Monday & Tuesday 11:00 am to 5:00 pm
Wednesday 2:00 pm to 8:00 pm
Thursday, Friday, & Saturday 11:00 am to 5:00 pm
This handsome Greek Revival house stands on a commodious one and three quarter acre tree-shaded lot on Durham’ s Main Street, near the intersection of Route 68.
– full length corner pilasters with entasis which rise to a full pediment
– full pediment contains a demi-lune fanlight
– windows in the main block are surmounted by crown-molded lintels with corner blocks
The Coe-Parsons house is a two and a half story, three bay side-hall Greek Revival residence. It boasts full length corner pilasters with entasis which rise to a full pediment. This pediment contains a demi-lune fanlight. A hip-roofed porch supported by heavy square recessed panel columns of late nineteenth century origins stands on the north, west and east sides of the house. The main entry, which is framed with pilasters contains a transom and sidelights. The windows in the main block are 6×6 throughout. They are surmounted by crown-molded lintels with corner blocks. There are three additions to this house, all dating from the nineteenth century. The largest, a one and a half story gable roof kitchen ell stands to the rear of the main block. Built in the Greek Revival style, with eyebrow windows, it may date from shortly after the main block was built. Two one story additions to the north and south sides of the house stand on brick foundations. They appear to date from the construction of the porch in the second half of the nineteenth century. The fenestration of the additions is consistent with that of the main block.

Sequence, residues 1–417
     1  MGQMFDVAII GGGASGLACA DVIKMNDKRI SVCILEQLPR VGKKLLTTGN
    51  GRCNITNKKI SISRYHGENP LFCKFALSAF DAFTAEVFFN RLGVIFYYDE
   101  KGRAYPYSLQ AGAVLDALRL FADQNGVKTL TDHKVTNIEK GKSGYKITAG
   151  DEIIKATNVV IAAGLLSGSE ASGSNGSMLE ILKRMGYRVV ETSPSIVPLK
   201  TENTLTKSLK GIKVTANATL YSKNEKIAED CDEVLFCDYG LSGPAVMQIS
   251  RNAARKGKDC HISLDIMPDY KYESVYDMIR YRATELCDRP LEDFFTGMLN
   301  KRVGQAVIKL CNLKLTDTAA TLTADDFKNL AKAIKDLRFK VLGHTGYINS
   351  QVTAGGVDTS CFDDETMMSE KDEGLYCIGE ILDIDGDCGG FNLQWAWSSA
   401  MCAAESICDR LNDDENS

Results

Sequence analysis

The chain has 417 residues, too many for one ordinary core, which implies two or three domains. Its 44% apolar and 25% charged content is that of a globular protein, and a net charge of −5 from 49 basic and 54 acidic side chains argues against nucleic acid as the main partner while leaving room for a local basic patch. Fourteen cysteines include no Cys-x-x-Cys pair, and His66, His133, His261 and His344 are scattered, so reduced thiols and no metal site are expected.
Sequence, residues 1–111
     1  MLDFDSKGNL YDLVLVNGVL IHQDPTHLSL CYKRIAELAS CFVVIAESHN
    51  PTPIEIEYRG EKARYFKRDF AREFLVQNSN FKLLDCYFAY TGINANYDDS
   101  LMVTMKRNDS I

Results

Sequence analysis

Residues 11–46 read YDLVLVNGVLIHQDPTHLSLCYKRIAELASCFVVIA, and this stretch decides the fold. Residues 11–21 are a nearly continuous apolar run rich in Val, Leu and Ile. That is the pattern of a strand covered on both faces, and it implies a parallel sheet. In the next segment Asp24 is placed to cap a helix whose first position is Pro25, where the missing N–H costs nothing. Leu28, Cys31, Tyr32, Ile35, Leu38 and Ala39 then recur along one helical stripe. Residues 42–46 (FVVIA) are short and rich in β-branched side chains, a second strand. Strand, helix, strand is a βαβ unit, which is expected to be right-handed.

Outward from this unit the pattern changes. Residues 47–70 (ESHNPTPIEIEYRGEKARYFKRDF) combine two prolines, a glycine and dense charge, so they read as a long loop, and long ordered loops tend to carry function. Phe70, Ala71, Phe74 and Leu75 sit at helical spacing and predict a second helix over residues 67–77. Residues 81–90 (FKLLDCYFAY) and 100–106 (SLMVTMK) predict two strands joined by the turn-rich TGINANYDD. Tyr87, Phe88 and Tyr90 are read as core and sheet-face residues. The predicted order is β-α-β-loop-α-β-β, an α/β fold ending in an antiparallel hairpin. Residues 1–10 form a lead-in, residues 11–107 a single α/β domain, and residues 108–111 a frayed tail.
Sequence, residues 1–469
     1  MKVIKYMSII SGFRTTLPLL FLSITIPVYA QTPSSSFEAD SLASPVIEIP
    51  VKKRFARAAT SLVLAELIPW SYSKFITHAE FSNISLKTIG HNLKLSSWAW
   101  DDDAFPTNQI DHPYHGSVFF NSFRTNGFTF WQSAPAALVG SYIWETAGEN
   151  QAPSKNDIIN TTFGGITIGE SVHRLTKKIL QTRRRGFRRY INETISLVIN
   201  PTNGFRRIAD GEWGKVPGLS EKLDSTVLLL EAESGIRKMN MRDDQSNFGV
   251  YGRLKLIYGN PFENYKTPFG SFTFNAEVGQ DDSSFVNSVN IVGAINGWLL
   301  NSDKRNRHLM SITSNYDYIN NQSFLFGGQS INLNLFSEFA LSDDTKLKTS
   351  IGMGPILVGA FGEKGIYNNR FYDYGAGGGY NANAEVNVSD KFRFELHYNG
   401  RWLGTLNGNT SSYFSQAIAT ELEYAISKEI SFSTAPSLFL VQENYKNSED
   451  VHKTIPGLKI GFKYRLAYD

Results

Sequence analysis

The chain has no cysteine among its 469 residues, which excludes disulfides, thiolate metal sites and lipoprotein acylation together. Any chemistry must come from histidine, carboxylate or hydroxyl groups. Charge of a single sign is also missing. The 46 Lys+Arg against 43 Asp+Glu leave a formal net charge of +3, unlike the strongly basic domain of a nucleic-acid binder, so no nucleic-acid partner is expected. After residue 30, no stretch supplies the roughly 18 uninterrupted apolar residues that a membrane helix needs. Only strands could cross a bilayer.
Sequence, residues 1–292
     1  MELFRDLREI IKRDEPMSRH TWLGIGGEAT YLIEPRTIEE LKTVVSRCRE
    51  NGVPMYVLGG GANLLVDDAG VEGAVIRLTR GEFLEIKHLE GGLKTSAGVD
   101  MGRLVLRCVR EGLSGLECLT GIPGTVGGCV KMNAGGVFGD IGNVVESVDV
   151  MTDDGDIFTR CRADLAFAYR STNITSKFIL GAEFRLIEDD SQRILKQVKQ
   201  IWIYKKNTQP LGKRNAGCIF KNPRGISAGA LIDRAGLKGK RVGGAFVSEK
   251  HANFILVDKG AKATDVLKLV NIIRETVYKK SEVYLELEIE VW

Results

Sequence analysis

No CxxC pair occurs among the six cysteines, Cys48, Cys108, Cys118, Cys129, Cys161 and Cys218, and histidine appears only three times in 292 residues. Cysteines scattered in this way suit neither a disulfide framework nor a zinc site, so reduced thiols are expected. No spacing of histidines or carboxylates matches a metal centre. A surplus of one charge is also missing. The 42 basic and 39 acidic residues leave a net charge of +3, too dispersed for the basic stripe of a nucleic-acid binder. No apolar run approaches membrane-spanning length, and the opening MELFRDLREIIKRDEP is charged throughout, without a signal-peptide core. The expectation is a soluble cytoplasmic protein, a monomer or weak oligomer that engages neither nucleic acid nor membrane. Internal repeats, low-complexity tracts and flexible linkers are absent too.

In June of 1829, Manoah Camp sold 53 rods of his home lot to Benjamin Hutchins Coe, a well-to do young man with artistic ambitions. The son of a wealthy Middlefield farmer, Elijah Coe, Benjamin Coe had married a Durham belle, Lydia Curtis, in 1823. With a substantial inheritance and sophisticated sensibilities, young Coe’s house was bound to be unusual–and so it was. He evidently brought in craftsmen from outside Durham to erect it, for in execution and design it is far more elegant than any other Greek Revival structure in town. He only lived in the house for three years. In 1833, he moved to New York City, where he became a notable art dealer and author of books on painting and drawing. The purchaser of his house was Sarruel Parsons (1788-1848), a Durham native who had prospered in New York City as a dry goods merchant. Afflicted with tuberculosis, he retired to his birthplace at the age of 45. On Parson’s death in 1848, the house passed to his widow, who lived in it until her death in 1887. She left it to her urnnarried daughters, Catherine (1829-1896) and Caroline (1836-1894), both of whom lived in New Haven. In 1902, the property was sold to John R. Smith, a painter and decorator, whose wife was Harriet Eliza Coe, a cousin of Benjamin H. Coe and the daughter of one of Durham’s wealthiest citizens. She sold the house in 1938 to
Austin M. Ackerman, Durham Center postmaster and proprietor of Ackerman’ s Store.
The house passed to its present owners in 1973.
This house is unquestionably the finest and most high style example of Greek Revival architecture in Durham. Its historical significance derives from its
association with Benjamin H. Coe, the nineteenth century artist and art dealer, and Samuel Parsons, one of the leading figures in Durham’ s ante-bellum commercial